Finding the time to exercise is an obvious challenge. You have to make it a priority every day. Finding the time to run? I think that’s even harder.

The first solution is to wake up early. I’m not entirely opposed to this. However, two aspects of running in the wee hours of the morning give me apprehension. The first is the darkness. I’ll admit that I don’t enjoy running when it’s dark outside. Perhaps if my neighborhood was well-lit and I wasn’t clumsy, I would find the darkness serene. But, I don’t. I trip over things. (Like kid’s skate boarding ramps they leave on the sidewalk.) I also know that as much as I loathe running in the darkness, come summer I will have to suck it up. So now, in spring, I try to milk my daylight runs.

Option two is when I get home from work. This is best solution, if I don’t have plans (and ignore my hunger). However, my hunger usually wins. Or going out.

For months, I saw these as my only two options, until last week. I did the unthinkable. I ran at work. I spoke with a coworker about it and apparently he used to run at lunch and everyone was fine with it. I can’t say that alleviated much of my anxiety. When noon rolled around, I grabbed my gym bag and ran to the bathroom to change. My walk from the bathroom to the back door felt like a spy movie. I was trying to avoid being seen. But, of course, I ran into two coworkers on the way.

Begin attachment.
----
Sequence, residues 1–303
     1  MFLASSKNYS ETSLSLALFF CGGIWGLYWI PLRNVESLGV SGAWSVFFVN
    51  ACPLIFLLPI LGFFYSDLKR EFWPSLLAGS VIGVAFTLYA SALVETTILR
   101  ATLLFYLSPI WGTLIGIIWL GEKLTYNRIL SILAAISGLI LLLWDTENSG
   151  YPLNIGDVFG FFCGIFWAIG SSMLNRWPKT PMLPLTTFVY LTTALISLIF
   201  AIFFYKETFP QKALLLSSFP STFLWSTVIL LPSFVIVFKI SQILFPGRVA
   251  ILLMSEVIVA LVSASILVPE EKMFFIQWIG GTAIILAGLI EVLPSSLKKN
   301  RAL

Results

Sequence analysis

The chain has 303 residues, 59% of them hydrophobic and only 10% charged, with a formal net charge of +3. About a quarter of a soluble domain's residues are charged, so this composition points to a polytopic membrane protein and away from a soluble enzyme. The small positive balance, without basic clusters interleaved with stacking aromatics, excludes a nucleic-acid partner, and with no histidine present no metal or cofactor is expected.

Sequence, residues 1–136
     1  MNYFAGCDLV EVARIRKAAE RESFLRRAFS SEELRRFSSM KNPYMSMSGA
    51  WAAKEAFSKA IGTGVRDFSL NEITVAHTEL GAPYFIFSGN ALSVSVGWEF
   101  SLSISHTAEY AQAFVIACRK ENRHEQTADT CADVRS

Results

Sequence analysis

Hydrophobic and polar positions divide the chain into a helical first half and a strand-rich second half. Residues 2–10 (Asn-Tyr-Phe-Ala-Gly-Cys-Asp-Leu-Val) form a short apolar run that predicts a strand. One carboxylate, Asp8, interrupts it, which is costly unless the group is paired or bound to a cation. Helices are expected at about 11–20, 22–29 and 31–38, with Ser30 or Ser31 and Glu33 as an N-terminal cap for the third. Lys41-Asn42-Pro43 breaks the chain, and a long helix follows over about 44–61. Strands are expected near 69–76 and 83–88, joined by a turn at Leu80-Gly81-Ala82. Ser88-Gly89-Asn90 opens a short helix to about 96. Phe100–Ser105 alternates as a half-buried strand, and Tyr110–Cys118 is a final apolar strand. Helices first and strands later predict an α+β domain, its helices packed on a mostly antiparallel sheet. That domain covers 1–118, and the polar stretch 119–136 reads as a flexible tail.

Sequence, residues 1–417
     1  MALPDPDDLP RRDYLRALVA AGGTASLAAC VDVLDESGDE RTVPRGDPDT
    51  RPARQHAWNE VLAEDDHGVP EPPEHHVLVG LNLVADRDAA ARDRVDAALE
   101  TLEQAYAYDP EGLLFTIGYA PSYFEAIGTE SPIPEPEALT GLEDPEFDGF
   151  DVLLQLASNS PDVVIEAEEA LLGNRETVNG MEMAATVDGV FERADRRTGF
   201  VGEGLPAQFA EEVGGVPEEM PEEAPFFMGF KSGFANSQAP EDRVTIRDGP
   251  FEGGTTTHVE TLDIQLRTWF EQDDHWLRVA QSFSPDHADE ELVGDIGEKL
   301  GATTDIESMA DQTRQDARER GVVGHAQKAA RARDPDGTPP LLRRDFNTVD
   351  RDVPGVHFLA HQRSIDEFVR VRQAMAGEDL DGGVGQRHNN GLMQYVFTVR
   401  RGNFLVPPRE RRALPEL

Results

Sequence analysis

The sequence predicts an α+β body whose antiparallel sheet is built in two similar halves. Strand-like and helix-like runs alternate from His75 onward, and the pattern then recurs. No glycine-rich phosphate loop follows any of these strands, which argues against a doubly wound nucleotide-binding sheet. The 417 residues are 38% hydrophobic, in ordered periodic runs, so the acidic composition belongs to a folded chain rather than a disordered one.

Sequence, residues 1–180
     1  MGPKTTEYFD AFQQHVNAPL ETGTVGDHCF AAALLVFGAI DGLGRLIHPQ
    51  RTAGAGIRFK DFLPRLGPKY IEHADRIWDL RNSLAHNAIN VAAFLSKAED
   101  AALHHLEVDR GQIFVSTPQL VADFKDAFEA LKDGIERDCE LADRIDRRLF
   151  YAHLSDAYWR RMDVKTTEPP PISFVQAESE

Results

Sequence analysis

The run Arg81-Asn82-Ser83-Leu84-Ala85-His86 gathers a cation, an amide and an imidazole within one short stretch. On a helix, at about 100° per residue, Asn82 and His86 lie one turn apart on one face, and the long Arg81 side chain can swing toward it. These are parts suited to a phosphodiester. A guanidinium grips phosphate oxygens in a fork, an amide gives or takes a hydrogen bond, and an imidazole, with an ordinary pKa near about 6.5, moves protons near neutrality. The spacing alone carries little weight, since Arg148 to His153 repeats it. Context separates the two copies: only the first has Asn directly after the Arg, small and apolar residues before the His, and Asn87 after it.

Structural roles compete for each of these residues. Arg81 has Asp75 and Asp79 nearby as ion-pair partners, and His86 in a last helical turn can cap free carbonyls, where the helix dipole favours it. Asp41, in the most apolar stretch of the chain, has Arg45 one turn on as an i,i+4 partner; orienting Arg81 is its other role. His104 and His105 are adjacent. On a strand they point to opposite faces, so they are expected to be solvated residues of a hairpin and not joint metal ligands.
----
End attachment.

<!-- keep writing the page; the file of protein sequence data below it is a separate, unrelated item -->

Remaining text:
“…Are you… exercising?” asked one woman incredulously.

“Running. Yes. Bye.” I responded, scurrying out the door.

The run itself was great. I mapped out an easy 3-mile loop. Was it scenic? Kinda. I work in a corporate park type area so I scoped out the other companies in our vicinity. Most of the run, I rationalized my endeavor. “The editors at Runner’s World run at lunch every day! I googled “Running at Lunch” and other people do this. This is fine. Oh, no. I’m sweating.”

I have to admit something. My office doesn’t have a shower– the main source of my paranoia. Now before you mark me off as unhygienic, I brought a washcloth, wipes, and a fan to cool off. However, as hard as I tried, I couldn’t mask how red my face was. It’s genetic.

For as weird as I felt around my coworkers post-run, I also felt much happier working through the afternoon. I wasn’t thinking about squeezing in an evening run. I got to enjoy the outdoors during a workday. All in all, if I can gradually get my coworkers to accept my lunchtime ritual and prove that I still smell good, I think I may have a solution. At least until summer rolls around.

When do you find time to run or exercise?